It will be making its public debut in Wellington on Friday 3 May from 6.30-7.30pm, when I'm reading as part of the Pegasus Poetry Series 2019 with Sam Duckor-Jones, Chris Price, and Chris Tse: distinguished company to read in!

I'll have copies of the chapbook available for $5 - just come and see me before or after the reading. You'll need to pay cash, and I'll have change available.

Big Hair Was Everywhere is No. 34 in the ESAW Mini Series. Here's the cover photo, an alarmingly chirpy picture of me.

And here's the poem from which the title is taken:

The Home Of Country Music

We spent the first day of the Gold Guitar Awards
thrashing …And Justice for All in Andrew’s flat,
taking turns to lift and flip the vinyl.

We mourned Cliff Burton, killed in a bus crash in Sweden,
and pondered the mystery of new kid Jason’s missing bass.
Metallica’s producer knew shit about separation.

We walked down Main Street to the pie cart. Town
thrummed with the energy of competition, musicians
toting pedal steels down Mersey Street.

Big hair was everywhere, bouffants teased
and primped towards infinity. ‘Simple country girls’
and honky-tonk angels vied for the next available chair

as the hairdressers made their annual killing. Men
rechristened Tex for the occasion swaggered in Stetsons,
ordering Jack Daniels instead of their usual DB Draught.

It meant nothing to us, this frenzy of false eyelashes
and fake tans. We returned to Andrew’s upstairs flat,
dropped the needle on “Blackened” again. Jane,

finishing her pie, rested her head on Andrew’s shoulder.
I was too busy with rapidly cooling mince to be jealous.
I fucking hate this town, I said.

Credit note: "The Home of Country Music" was first published, in a slightly different form, in takahē 89 (April 2017).

24 March 2019

Poem of the Month for March - "On The One", from my new chapbook of music poems, "Big Hair Was Everywhere"

If not for that ship I’d have been Rod Temperton.
If not for emigration I’d have remained
In Cleethorpes, where I was born,
Worked in Grimsby for Ross Frozen Foods,
Played in dance bands in my spare time.

Learned to write songs. Joined Heatwave,
A funk band formed by a Vietnam War vet.
Written “Boogie Nights”, that impossibly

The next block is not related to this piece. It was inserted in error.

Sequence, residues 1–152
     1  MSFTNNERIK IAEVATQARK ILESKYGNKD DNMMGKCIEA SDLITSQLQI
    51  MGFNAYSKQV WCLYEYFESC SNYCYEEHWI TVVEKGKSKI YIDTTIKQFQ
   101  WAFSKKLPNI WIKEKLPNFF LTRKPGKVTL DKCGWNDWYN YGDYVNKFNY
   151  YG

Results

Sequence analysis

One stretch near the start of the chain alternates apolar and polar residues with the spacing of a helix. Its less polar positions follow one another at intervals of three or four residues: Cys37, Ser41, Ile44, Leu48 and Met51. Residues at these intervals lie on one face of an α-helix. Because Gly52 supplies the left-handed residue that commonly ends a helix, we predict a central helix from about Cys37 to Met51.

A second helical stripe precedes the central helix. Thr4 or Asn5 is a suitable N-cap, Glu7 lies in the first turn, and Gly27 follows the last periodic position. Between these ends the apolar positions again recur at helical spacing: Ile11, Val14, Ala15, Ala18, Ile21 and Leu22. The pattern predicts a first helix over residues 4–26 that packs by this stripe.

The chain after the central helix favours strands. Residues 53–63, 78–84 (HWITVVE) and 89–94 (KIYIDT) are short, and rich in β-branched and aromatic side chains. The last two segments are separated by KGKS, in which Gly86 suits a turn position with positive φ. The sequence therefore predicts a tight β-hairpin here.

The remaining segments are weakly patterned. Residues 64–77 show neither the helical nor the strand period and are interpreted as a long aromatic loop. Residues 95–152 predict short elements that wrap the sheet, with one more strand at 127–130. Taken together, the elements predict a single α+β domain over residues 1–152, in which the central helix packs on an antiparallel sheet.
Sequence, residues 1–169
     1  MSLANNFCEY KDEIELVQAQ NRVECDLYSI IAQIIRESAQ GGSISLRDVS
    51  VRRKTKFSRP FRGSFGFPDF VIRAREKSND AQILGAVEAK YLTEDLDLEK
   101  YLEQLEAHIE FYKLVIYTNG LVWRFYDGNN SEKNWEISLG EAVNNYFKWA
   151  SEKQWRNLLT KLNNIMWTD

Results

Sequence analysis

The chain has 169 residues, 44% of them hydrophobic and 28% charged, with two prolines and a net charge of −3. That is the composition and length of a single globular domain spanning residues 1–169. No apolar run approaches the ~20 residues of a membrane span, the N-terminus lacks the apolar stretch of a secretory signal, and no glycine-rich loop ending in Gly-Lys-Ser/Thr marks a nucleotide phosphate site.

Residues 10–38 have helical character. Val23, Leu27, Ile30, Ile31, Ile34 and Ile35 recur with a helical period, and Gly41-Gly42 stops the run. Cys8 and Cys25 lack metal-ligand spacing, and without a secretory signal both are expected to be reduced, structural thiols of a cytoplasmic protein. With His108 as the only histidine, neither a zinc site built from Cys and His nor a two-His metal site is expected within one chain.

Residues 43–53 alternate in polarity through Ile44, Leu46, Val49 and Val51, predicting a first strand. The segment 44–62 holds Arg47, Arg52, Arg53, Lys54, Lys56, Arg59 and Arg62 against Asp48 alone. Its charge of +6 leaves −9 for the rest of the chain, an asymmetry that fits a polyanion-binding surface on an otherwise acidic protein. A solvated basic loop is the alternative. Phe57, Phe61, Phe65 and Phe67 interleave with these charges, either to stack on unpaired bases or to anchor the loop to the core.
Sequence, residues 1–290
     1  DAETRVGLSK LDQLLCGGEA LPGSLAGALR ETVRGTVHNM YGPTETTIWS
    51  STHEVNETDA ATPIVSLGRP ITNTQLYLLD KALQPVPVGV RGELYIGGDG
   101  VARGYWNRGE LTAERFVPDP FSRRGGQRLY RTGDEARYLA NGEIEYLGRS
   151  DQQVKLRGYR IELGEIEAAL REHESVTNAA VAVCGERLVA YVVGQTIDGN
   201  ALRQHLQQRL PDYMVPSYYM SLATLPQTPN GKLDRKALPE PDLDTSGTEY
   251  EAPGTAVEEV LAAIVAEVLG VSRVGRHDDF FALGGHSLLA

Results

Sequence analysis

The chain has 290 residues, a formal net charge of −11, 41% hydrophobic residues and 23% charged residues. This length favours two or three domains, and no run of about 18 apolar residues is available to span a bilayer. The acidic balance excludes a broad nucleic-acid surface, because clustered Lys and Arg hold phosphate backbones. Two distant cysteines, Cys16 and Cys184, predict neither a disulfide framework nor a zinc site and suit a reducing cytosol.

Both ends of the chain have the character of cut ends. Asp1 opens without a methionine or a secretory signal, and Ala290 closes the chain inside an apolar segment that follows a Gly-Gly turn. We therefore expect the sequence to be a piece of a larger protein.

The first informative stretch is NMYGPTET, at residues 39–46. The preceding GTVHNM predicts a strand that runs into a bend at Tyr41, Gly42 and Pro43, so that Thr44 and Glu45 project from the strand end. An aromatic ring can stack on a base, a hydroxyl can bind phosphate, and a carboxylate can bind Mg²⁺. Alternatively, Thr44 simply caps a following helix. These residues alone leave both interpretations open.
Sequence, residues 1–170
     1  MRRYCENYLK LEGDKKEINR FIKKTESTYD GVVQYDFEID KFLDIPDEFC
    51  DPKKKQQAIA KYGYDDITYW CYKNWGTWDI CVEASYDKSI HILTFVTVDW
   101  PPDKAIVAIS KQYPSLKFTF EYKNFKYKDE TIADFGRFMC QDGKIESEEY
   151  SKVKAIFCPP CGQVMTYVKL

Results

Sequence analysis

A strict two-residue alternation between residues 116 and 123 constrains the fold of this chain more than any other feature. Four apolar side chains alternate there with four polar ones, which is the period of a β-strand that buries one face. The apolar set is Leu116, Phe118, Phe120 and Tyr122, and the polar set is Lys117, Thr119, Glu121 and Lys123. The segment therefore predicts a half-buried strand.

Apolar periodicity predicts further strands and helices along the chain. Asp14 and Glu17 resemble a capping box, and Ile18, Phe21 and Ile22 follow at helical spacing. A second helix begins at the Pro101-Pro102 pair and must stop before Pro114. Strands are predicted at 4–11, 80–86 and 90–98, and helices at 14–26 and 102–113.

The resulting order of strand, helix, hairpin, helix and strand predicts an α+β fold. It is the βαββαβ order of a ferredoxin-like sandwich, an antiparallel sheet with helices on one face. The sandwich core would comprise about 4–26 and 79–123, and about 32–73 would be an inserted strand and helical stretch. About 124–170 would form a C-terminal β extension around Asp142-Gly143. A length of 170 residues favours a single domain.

Inescapable hit of 1976. Watch that vid
And you’d see me off in the corner,
Playing keyboards and adding harmonies,
Immortalised in a scoop-neck ‘70s vest, singing
“Got to keep on dancing, keep on dancing…”

Been recruited by Quincy Jones, a man
With good ears, to write songs for Michael Jackson.
“Rock with You”, some other hits, and then
The big one: “Thriller”. Everything: words, music,
Even that cheesy spoken-word bit that Vincent Price
Perfected on just his second take.

I’d have coasted along after that,
Staying cheerfully obscure, the unknown
Local boy made good in Hollywood
Till the cosmic actuary’s dice came up snake eyes.

I could have been you, Rod, if we hadn’t left,
If I’d had the slightest glimmering of musical ability.
Could have worked in that fish factory till it went bust,
ironed my funky vests, played in a covers band
And waited for that big break to come:
A ghost Tim, strutting the streets of Grimsby,
Suit sharp, still funky, always on the one.

Credit note: "On the One" appears in my new poetry chapbook Big Hair Was Everywhere: music poems, Number 34 in the ESAW mini series, published by Earl of Seacliff Art Workshop (Paekarariki, 2019), ISBN 978-1-86942-163-0. It is previously unpublished, and was written for inclusion in the chapbook. Tim says: Music was important to my parents, and it's important to me - many different genres of music, despite the fact I can't play a note other than Middle C. My new chapbook Big Hair Was Everywhere brings together my recent poems about music into one neat little A6 package - available from me for $5! Chase me up for a copy at forthcoming poetry readings.

26 February 2019